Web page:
HEBER VALLEY, Utah The Heber Valley Camp exists not to teach fire building, pioneering, or even camping. Delving into those traditional crafts is possible here, but the Church-owned property has been developed to facilitate programs that will strengthen the spirituality of young women, according to its managing director, Stan Miller.
The camp's facilities and amenities "take away the consuming nature of camping and make it so Young Women leaders are free to teach the girls," he said.
Located high in the mountains about 10 miles east of Heber City, the Church camp covers 8,500 mostly forest-covered acres bordered by the Uinta National Forest and some private property. The Church spent three years building the infrastructure, and is now open for its second season of use, Brother Miller said.
The camp has been under the direction of Utah's three Church areas. With organizational changes coming in August, it will fall under the direction of Elder Merrill J. Bateman of the Presidency of the Seventy who will oversee Utah. Young Women use of the camp so far has been by assignment from representatives of the Utah North, Utah Salt Lake City and Utah South areas, Brother Miller said.
He noted that it is a bus camp. The camp administration arranges for buses to pick up the young women at their stake centers at the beginning of the week and then deliver them back there at the end of the camp. That limits the number of vehicles in the camp.
Within the total camp complex, there are currently four individual camps open, with space for a maximum of 25. Each camp, named after prominent women from the scriptures and Church history, consists of five campsites with three cabins each and can accommodate about 250 campers. There is, at this time, one tent camp.
Among the facilities are the cabins, pavilions, rest rooms, showers and kitchens. The camp has electricity and propane lines.
Each log cabin there are traditional rectangular shaped as well as round yurt-style has 16 bunks. Campers provide their own bedding.
There are large pavilions, suitable for the young women of a large stake, and medium and small pavilions appropriate for smaller groups. Besides covered tables, the large pavilions have enclosed kitchens, a first aid station, and living quarters for leaders. The kitchens have inside cooking, cleaning and serving capabilities with a walk-in refrigerator/freezer. The other pavilions also have refrigerators and cook stoves. The rest rooms have full plumbing and there are multiple private showers.
The outdoor experience includes hiking trails through the forest, amphitheaters with fire rings, and multi-use fields. There are two confidence courses complete with certified staff. There, groups can learn principles such as teamwork as they scramble over logs, figure out how to traverse several tree stumps without touching the ground, or ride down a zip line. A swimming pool is planned for the future. The Church also owns a 14-acre lake that will be developed for recreational use.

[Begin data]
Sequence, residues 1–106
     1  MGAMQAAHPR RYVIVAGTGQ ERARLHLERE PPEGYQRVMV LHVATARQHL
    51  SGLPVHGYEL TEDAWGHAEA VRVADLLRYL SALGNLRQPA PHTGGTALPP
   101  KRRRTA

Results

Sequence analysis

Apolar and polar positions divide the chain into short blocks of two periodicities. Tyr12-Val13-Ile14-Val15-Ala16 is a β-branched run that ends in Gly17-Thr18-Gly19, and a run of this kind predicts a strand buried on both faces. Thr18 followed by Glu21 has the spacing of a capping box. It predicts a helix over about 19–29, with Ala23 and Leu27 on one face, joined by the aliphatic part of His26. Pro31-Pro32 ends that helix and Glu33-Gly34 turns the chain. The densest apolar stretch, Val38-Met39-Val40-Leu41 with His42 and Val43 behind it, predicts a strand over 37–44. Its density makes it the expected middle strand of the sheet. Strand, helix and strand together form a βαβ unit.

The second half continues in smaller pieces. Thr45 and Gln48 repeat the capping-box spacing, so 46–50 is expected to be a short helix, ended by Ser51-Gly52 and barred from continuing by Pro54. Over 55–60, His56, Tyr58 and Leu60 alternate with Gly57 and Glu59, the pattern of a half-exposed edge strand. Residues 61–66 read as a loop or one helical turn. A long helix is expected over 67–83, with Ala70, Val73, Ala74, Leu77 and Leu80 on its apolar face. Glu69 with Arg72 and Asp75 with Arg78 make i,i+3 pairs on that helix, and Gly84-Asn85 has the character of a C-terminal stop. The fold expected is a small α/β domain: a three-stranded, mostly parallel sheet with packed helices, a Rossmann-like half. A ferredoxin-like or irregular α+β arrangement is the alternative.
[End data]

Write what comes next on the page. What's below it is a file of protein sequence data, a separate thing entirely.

Not to be overlooked are fresh air, clean water, cool nights, breathtaking vistas, forests of aspen and conifers, meadows, wetlands, wildflowers, and an assortment of deer, chipmunks, birds and other wildlife.
While providing the Church News with a tour of the camp, Brother Miller said, "This is my thought. The Lord knew from the beginning what the end use of this property would be." Then he added, "The camp brings the girls to the tops of the mountain, to sacred property where they can look upon the beauty of God's creation and reinforce their testimonies."
Built primarily for Young Women groups, the camp is limited to their use through most of the summer. Because of that, it is governed by strict rules to provide safety for the girls as well as the opportunity to carry out, without distraction, the programs designed by their leaders. All except those authorized to be at the camp are turned away at the gate.
However, a few weeks prior to and following the season for young women, the camp is open to stakes, wards, families, Boy Scouts and other groups. By reservation, those groups can use most of the facilities of the camp for a fee.
The camp is staffed by senior couples who are service missionaries. They are camp hosts, building supervisors and maintenance workers. There is a demand for more missionary help, Brother Miller said, adding that the requirements are a willingness and ability to serve as well as access to a camp trailer for living on site and an ATV for transportation in fulfilling duties.
Much of the maintenance and improvements at the camp, such as building trails, raking areas and hauling gravel, are done by volunteers about 50,000 volunteer hours a summer, Brother Miller said.
The camp Web site is complete with information describing the camp and clearly stating its rules and restrictions. Reservations can also be made through the site: www.hebervalleycamp.org
E-mail to: [email protected]